In this week’s blog, I want to discuss with you the concept of training “the core” musculature. I’m sure you will have heard myself or one of the other trainers refer to this section of your body during your training. However, oftentimes core training is thought to be strengthening your rectus abdominus (abs) musculature alone, but it is so much more than that.
It involves a number of muscles that originate in and around your abdominal region, all functioning to help support your lower spine and hips. It is sometimes referred to as lumbopelvic control, that is, control of the lumbar section of your spine (lower back), and your pelvis (hip bone) during movement. It involves a bi play between the strength (simply, the amount of external force they can withstand) and the neuromuscular control (the timing and organization of neural signals being sent to certain muscles during certain movements) that these muscles can exhibit . If one or both factors is deficient, the core is unable to do its job effectively and the body may be at a heightened risk of injury as a result .
When the body’s core musculature is working in an efficient manner, prior to an exercise or bodily movement, these muscles start contracting and continue to contract in a timely and organized manner to stabilize the lower spine and hips. This allows for safe, controlled movement of this region during any bodily task. However, when the core is weak, or the neuromuscular timing/strength of contraction is off, there is a lag between, or the signal is not strong enough when these muscles fire to help brace our lower back and hips and the beginning of the movement itself . This in turn can cause issues in this region of the body (lower back pain, hip pain), especially the lower spinal segments and muscles that attach to them . However, it can impact the body up and down the kinetic chain as well (in other words, it can impact the way the entire body functions) .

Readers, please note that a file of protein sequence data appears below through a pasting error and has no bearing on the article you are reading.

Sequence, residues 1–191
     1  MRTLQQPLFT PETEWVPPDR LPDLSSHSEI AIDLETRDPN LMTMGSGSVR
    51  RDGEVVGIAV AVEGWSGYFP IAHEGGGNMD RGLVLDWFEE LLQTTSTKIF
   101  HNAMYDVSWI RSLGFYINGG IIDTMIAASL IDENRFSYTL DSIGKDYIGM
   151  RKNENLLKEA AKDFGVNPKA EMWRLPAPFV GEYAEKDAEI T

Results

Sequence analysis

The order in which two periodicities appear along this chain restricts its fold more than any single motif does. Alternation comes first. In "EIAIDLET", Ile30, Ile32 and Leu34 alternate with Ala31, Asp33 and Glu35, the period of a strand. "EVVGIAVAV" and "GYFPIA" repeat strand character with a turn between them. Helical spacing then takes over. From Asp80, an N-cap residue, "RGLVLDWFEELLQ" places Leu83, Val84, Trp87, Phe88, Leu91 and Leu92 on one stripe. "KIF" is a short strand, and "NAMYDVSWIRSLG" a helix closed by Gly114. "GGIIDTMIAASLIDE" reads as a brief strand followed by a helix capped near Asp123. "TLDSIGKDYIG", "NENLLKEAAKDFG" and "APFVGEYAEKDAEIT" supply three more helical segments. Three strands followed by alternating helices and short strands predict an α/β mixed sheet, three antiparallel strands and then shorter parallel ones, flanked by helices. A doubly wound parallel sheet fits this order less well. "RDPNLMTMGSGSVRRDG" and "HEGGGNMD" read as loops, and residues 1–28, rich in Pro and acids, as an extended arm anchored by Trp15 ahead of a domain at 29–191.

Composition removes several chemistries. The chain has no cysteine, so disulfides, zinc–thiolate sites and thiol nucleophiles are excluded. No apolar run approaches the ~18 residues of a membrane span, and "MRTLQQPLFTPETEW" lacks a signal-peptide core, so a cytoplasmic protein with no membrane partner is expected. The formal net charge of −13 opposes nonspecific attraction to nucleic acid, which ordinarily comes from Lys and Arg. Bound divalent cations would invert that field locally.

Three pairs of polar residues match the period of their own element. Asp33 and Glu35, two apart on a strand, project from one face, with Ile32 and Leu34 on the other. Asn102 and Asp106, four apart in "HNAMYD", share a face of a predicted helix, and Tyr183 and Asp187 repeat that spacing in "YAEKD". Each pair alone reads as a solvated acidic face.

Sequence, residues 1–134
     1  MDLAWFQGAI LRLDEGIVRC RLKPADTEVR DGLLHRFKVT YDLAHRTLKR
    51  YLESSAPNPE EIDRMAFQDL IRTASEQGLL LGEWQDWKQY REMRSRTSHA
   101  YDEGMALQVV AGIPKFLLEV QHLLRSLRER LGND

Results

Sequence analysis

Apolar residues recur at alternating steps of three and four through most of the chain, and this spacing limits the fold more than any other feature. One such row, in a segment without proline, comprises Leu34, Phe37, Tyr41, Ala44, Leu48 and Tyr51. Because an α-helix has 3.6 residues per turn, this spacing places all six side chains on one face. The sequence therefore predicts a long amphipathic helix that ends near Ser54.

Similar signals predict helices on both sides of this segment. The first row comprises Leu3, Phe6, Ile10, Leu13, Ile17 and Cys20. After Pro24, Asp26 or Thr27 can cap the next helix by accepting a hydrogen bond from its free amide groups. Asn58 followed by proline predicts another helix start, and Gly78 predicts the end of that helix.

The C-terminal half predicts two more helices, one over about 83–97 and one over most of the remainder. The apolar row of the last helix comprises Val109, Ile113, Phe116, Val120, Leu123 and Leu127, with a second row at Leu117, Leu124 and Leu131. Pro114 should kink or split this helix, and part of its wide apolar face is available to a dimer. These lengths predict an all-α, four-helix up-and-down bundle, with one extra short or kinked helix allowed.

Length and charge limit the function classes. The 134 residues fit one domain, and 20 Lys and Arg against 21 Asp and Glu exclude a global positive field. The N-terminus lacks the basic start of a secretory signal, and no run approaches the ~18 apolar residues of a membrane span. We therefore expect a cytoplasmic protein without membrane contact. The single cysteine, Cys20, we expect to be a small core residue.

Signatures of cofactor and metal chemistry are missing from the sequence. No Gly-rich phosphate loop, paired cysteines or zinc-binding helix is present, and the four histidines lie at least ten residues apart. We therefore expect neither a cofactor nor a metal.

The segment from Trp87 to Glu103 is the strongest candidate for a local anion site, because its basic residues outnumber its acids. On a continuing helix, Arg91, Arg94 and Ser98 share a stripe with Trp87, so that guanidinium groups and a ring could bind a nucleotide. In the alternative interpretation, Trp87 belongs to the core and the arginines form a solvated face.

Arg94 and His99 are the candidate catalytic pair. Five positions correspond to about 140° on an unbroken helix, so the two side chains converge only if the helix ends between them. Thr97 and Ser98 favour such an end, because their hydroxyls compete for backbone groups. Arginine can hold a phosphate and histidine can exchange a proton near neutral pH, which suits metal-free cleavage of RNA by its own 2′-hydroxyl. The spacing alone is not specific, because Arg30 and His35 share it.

Some of the muscles that the core consists of are the rectus abdominus (abs), internal and external obliques (obliques) and the transverse abdominus (the body’s own corset, which wraps around under your abs and attaches to your lower spine). These and more can be seen in the diagram below.
Of the above muscles, there has been particular attention directed towards the significance of the transverse abdominus muscle. It is thought to have important stabilization qualities, considering the orientation of its fibres. As I mentioned just prior, this muscle is thought to be our body’s own internal corset. When it contracts, it “hollows in” the abdominal cavity, creating stability around the lower spine . Research conducted almost 20 years ago found that the transversus abdominis was shown to contract 110 milliseconds before movement of the lower limbs in healthy people (theoretically, to stabilize the lumbar spine) . However, when patients exhibited lower back pain, this timing was delayed significantly .
Hopefully the above information gives you a slightly better understanding of what we’re referring to when we say core exercises or engaging your core in general. Remember, it’s not just your abdominals. It’s an intricate system of muscles, both superficial and deep, contributing to stabilizing your hips and lower back during movements.
As always, if you have any questions or queries, I’m happy to provide you with more detail if need be.
See you in the gym.
- Akuthota V, Ferreiro A, Moore T, Fredericson M. Core stability exercise principles. Current Sports Medicine Reports. 2008; 1;7(1):39-44.
- Kibler WB, Press J, Sciascia A. The role of core stability in athletic function. Sports medicine. 2006; 1;36(3):189-98.